If you have a RAID device which has PCIe NVMe SSD's, to me, it wouldn't make sense to connect that using a 10Gbps NIC if it also had a TB3 port because the TB3 port is 40Gbps and a single capable NVMe SSD should be able to do more than 10Gbps.

From what you describe, 2 QHD monitors with a single RAID device is very (actually very, very) comfortably within the limits of what the Mini can handle from the IO standpoint. The DisplayPort output comes directly from the iGPU/CPU and if the article is correct, with the amount of PCIe lanes the Thunderbolt ports get, there really shouldn't be a problem there. The external USB ports probably get their output from the PCH CM246 (according to iFixit) connected by DMI to the CPU. But unless you plan to have multiple USB SSD's or peripherals with similar bandwidth constantly pushing data, I don't see a problem with your USB devices getting throttled either.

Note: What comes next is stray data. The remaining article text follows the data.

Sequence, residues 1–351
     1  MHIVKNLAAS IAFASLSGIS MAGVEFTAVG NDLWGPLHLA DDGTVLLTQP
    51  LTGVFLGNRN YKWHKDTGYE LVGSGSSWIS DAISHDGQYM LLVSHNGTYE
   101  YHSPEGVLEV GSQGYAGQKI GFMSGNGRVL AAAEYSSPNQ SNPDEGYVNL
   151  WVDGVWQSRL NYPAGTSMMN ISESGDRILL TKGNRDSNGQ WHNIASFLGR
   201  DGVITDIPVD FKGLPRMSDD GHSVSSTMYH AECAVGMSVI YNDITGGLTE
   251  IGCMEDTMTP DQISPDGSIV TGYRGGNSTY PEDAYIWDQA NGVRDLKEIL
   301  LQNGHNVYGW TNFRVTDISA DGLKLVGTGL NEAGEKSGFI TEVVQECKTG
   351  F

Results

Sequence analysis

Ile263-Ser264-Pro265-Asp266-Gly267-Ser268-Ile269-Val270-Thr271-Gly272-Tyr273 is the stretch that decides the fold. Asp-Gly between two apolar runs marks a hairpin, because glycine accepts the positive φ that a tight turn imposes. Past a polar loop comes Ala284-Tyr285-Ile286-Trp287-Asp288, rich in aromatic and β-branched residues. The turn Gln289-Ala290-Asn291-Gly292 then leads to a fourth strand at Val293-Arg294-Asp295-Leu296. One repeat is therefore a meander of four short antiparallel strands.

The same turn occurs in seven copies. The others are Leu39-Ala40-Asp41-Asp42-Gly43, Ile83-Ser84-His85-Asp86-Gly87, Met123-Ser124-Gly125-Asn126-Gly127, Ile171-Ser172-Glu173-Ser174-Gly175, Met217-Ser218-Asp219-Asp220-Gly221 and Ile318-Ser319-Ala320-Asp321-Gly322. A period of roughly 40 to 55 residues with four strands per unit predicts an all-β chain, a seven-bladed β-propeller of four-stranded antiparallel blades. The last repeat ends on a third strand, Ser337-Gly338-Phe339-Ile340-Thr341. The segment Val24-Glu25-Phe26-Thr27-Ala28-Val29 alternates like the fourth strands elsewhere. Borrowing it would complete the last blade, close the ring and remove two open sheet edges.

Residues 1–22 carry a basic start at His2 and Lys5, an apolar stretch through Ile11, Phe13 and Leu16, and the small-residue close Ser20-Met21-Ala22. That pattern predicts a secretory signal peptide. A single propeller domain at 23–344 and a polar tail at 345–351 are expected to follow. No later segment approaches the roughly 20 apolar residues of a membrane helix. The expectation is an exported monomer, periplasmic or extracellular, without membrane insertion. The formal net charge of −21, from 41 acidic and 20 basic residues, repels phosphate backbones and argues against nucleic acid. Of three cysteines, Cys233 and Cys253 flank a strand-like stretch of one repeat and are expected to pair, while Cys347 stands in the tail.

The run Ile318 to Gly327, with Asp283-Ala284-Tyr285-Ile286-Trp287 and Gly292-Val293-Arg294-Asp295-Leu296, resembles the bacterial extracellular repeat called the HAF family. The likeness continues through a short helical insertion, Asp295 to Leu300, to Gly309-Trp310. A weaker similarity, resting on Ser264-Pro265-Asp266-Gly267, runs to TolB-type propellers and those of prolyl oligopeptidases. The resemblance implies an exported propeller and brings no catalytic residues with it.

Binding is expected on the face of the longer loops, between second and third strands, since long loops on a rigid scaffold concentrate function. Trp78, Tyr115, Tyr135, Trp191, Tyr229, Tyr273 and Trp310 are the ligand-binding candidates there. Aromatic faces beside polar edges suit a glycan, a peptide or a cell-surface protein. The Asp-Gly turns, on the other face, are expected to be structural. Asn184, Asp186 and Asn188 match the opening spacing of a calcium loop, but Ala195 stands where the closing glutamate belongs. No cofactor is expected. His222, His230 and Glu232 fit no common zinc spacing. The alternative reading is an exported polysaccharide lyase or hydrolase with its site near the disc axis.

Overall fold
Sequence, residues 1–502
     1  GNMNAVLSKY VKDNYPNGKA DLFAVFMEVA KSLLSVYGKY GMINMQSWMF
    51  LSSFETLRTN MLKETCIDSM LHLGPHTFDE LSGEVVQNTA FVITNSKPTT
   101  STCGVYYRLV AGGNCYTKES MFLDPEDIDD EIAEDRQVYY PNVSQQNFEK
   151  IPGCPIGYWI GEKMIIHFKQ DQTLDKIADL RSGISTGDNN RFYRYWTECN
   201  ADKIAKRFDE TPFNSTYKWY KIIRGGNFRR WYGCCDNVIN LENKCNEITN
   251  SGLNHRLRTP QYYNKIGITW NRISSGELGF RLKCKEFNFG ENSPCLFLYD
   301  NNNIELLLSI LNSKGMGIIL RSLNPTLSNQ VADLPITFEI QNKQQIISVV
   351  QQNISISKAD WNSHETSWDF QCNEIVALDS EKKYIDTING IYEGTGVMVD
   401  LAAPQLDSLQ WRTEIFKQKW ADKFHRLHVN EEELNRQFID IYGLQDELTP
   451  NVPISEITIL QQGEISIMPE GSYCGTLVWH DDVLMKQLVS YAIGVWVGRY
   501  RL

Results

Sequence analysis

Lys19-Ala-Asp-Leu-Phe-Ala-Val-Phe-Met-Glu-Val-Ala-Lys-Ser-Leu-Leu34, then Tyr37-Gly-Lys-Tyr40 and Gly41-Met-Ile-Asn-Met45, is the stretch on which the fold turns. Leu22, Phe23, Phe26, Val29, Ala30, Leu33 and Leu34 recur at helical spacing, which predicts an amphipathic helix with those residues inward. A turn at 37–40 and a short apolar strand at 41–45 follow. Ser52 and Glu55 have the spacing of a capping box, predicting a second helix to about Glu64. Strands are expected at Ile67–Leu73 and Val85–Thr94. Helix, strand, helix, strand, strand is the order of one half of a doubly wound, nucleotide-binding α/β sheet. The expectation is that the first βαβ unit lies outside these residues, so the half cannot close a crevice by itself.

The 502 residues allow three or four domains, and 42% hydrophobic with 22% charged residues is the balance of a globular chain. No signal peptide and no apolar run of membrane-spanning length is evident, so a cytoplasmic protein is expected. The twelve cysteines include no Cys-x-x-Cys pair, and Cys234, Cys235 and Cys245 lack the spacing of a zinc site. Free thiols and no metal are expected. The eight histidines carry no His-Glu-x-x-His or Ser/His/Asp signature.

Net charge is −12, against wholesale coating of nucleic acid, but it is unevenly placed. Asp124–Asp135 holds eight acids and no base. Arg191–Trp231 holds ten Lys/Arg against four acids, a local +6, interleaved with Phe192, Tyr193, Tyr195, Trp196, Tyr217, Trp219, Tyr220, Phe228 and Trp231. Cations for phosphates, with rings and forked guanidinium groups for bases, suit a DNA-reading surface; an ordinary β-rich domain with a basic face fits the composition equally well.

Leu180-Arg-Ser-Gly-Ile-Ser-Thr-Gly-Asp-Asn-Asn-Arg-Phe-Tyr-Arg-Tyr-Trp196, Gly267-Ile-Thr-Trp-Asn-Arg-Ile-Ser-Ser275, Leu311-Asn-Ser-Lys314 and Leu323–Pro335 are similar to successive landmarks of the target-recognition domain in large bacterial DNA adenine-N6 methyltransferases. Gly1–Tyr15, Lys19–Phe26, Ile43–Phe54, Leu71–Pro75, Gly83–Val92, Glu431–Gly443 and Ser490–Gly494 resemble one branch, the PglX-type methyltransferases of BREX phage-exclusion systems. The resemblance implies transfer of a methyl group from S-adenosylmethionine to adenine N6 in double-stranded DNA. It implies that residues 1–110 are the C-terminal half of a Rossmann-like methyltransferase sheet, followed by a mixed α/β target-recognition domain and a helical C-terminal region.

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astrocramp

macrumors member
Original poster
Aug 27, 2011
67
39
According to this article, the Thunderbolt controllers (2 of them, 2 ports each) are connected directly to the CPU with 4 PCIe lanes each. (So each controller with 2 ports gets the 4 PCIe lanes.)
https://egpu.io/forums/desktop-computing/mac-mini-review-heedlessly-renovated/

If you plug in a DisplayPort monitor such as the Dell U2719DC, what probably happens is that the DisplayPort output from the CPU/iGPU is routed through the Thunderbolt controller to the USB-C port. The Intel CPU's with the integrated GPU's have dedicated DisplayPort lanes from the CPU/iGPU. According to the Intel documentation, the HDMI output from the CPU is 4096x2304@30Hz HDMI 1.4 which tells me that the HDMI port on the Mini is probably DisplayPort output converted to HDMI since the HDMI port on the Mini is 4096x2160@60Hz HDMI 2.0.

If you have a RAID device which has PCIe NVMe SSD's, to me, it wouldn't make sense to connect that using a 10Gbps NIC if it also had a TB3 port because the TB3 port is 40Gbps and a single capable NVMe SSD should be able to do more than 10Gbps.